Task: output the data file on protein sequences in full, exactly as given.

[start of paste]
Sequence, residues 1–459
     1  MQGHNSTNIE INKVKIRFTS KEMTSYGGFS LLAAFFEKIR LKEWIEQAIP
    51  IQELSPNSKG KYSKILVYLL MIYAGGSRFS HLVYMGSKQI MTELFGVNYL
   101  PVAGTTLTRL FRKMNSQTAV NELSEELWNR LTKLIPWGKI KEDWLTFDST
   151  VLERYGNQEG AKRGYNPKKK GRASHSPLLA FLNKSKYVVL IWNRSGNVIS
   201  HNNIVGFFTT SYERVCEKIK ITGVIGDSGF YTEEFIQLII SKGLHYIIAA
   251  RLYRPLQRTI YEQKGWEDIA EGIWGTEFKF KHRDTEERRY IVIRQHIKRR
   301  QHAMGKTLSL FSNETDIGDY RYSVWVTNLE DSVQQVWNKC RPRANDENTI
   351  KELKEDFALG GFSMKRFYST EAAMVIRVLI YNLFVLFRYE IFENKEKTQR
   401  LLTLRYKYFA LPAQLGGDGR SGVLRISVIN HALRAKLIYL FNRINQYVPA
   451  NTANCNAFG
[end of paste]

Sequence, residues 1–459
     1  MQGHNSTNIE INKVKIRFTS KEMTSYGGFS LLAAFFEKIR LKEWIEQAIP
    51  IQELSPNSKG KYSKILVYLL MIYAGGSRFS HLVYMGSKQI MTELFGVNYL
   101  PVAGTTLTRL FRKMNSQTAV NELSEELWNR LTKLIPWGKI KEDWLTFDST
   151  VLERYGNQEG AKRGYNPKKK GRASHSPLLA FLNKSKYVVL IWNRSGNVIS
   201  HNNIVGFFTT SYERVCEKIK ITGVIGDSGF YTEEFIQLII SKGLHYIIAA
   251  RLYRPLQRTI YEQKGWEDIA EGIWGTEFKF KHRDTEERRY IVIRQHIKRR
   301  QHAMGKTLSL FSNETDIGDY RYSVWVTNLE DSVQQVWNKC RPRANDENTI
   351  KELKEDFALG GFSMKRFYST EAAMVIRVLI YNLFVLFRYE IFENKEKTQR
   401  LLTLRYKYFA LPAQLGGDGR SGVLRISVIN HALRAKLIYL FNRINQYVPA
   451  NTANCNAFG